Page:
Foundations of Math (Logic)

Spring 1999


Instructor: Dr. Art Duval

Please feel free to come by my office any time during scheduled office hours. You are welcome to come at other times, but in that case you might want to make an appointment, just to make sure that I will be there then. You can make an appointment simply by talking to me before or after class, by calling me at my office or at home, or by sending e-mail.

You may also ask any questions directly via phone or e-mail. If I'm not in when you call, please leave a message on the voice-mail or answering machine with your name, number, and a good time for me to call you back. I will try to repond to your phone or e-mail message as soon as possible.


Upon successful completion of the course, you will be able to solve in-depth problems from several areas of mathematics. These solutions will require clearly-written explanations instead of, or in addition to, calculations. In order to find the solutions, you will have to gather data (this may or may not involve a computer), look for patterns, make conjectures, test your conjectures against the data, and, if necessary, revise your conjectures.

You will also be proficient at solving shorter "routine" problems from the mathematical areas we investigate.

Course Content:

We will spend about two weeks on Mathematical Induction and Number Patterns; and then four weeks on each of Modular Arithmetic; some area of Geometry; and a third topic to be decided later, possibly Continued Fractions.

Course Notes:

Approximately weekly, I will distribute notes covering material from the previous week or so of class.

You will also each take your turn writing student versions of the notes for one class period. These will also be distributed.


Problems (8% each):
For each of the four topics we discuss, after about one week of class discussion of one or two open-ended problems, you will choose one of several comparable problems to investigate yourself. You will have two to three weeks to work on this problem, with a preliminary draft, to be checked by me and/or other students, due midway. You are encouraged to consult with me on a regular basis about your ideas and progress on this problem.
Journal (8%):
You will keep a journal recording all your ideas for the course, especially on the in-depth open-ended problems we discuss in class, and the ones you solve (see above). I will check your journal periodically.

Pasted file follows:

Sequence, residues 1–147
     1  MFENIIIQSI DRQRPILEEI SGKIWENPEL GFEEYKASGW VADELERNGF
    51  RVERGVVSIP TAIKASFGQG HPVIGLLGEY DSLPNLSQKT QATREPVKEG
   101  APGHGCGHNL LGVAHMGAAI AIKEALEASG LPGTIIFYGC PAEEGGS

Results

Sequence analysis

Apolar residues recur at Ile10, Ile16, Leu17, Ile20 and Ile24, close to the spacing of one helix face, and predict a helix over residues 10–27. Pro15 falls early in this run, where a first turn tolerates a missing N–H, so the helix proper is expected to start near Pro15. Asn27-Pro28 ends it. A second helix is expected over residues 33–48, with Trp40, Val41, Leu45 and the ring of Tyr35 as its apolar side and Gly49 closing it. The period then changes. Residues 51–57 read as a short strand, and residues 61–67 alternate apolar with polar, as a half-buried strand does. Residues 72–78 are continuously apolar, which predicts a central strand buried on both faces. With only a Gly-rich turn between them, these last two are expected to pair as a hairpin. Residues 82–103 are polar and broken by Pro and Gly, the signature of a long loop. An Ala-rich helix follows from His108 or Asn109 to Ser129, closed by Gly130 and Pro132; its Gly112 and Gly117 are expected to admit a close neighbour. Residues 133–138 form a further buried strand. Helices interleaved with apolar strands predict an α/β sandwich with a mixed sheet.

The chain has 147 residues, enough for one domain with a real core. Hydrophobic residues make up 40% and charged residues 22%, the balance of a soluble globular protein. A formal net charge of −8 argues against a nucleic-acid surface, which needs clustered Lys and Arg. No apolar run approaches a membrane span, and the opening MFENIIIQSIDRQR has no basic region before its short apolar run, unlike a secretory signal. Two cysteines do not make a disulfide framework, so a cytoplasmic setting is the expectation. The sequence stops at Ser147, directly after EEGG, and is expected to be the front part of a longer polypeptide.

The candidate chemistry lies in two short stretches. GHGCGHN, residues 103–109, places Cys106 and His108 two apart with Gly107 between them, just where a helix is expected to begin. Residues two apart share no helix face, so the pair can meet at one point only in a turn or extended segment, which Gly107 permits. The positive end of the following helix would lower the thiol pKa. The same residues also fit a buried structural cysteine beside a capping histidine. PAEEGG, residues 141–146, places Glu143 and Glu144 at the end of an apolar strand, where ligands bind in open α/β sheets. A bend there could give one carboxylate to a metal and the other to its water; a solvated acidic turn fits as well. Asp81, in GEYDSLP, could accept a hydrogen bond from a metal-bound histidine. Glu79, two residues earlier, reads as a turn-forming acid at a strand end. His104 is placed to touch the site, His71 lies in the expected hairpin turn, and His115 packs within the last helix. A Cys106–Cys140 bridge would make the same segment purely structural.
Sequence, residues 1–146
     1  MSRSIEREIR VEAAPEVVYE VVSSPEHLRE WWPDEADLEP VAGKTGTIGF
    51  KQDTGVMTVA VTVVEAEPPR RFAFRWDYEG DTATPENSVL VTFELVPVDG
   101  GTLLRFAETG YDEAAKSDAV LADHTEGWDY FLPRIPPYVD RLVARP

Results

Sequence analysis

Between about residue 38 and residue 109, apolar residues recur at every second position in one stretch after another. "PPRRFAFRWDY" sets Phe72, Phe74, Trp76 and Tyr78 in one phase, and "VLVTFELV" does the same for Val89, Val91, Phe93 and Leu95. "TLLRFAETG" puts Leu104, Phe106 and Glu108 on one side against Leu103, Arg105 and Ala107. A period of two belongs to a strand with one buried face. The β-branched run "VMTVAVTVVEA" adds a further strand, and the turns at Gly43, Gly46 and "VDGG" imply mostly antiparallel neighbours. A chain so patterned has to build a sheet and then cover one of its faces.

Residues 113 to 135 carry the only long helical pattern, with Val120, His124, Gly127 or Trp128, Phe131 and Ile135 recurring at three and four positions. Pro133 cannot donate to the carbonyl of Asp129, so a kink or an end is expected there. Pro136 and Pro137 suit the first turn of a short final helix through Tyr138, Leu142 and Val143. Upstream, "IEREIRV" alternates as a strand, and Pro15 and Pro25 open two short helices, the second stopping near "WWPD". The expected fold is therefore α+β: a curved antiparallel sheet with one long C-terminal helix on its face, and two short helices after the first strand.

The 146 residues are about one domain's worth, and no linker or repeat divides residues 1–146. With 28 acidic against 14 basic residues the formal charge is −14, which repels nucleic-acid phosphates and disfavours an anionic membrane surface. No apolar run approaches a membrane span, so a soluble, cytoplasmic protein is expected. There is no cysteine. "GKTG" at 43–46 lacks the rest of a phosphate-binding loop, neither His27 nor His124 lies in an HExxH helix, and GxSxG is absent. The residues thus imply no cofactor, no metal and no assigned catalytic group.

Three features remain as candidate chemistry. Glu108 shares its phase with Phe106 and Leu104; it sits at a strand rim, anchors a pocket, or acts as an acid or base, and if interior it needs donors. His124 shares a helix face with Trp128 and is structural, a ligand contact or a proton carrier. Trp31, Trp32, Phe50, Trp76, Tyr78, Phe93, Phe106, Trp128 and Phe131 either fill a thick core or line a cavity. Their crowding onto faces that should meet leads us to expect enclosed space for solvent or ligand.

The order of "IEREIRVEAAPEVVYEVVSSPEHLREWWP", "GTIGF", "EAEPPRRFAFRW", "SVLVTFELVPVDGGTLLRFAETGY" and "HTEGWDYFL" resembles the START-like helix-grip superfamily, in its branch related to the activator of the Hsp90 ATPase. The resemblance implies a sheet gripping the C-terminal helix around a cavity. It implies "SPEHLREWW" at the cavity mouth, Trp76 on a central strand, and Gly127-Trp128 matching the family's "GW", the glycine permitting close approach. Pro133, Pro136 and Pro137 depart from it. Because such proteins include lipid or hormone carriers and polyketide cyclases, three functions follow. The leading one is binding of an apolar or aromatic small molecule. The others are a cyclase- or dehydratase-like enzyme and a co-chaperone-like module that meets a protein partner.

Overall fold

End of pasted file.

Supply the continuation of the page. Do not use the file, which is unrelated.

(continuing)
Participation (6%):
I expect you to be actively engaged with the material during the entirety of each class period. Your participation grade will be my subjective evaluation (on a 0-6 point scale) of how well you meet this expectation. Active engagement does not require you to have all the answers all the time, but to make an honest effort at all times. You can demonstrate this engagement in several ways.

I expect you to take part in class discussions. This means contributing your ideas, and explaining why you believe them; and commenting (constructively!) on other students' ideas, asking questions about points you do not understand.

There will be some in-class group activities, and I expect you to do your share towards making your group effective.

Homework (8%):
Homework will be assigned periodically (approximately weekly), and announced in class and on the course website. Assignments will be due at the beginning of class. No late homeworks! (Incomplete homeworks will be accepted, though.) If an emergency prevents you from delivering your homework on time (or having someone else deliver it for you), please let me know as soon as possible. Your lowest homework score will be dropped.

You are encouraged to work together on your homework, but you must write up your solutions by yourself.

Tests (8% each):
There will be three in-class, closed-book tests. You will have to solve shorter ``routine'' problems, similar to the homework. These tests will be on the following days:

Makeup tests can be given only in unusual and unavoidable circumstances, and with advance notice.

Final (16%):
The final exam will be comprehensive over all the topics we discuss in class, and resemble the in-class tests. The final will be on
Fri., 7 May, 4:00-6:45 p.m.
Quizzes (6%):
There will be a few in-class quizzes, announced ahead of time.

Attendance policy:

While I will not take roll, I do expect you in class every day (realizing that emergencies do arise). Attendance will not directly affect your grade, but it will be hard to get a good participation grade if you are absent too often.

Drop date:

The deadline for droping the course with a W is Fri., 5 Mar. After this date, you can only drop with the Dean's approval, which is granted only under extenuating circumstances. Course drops are now student-initiated only.

I hope everyone will complete the course successfully, but if you are having doubts about your progress, I will be happy to discuss your standing in the course to help you decide whether or not to drop. You are only allowed three enrollments in this course, so please exercise the drop option judiciously.


Occasionally our class will be videotaped, as part of the process of assessing this course and its effectiveness. I will also ask you to take part in some brief videotaped interviews, also for assessment purposes. Video segments will be shown publicly only with the consent of everyone appearing in the segment.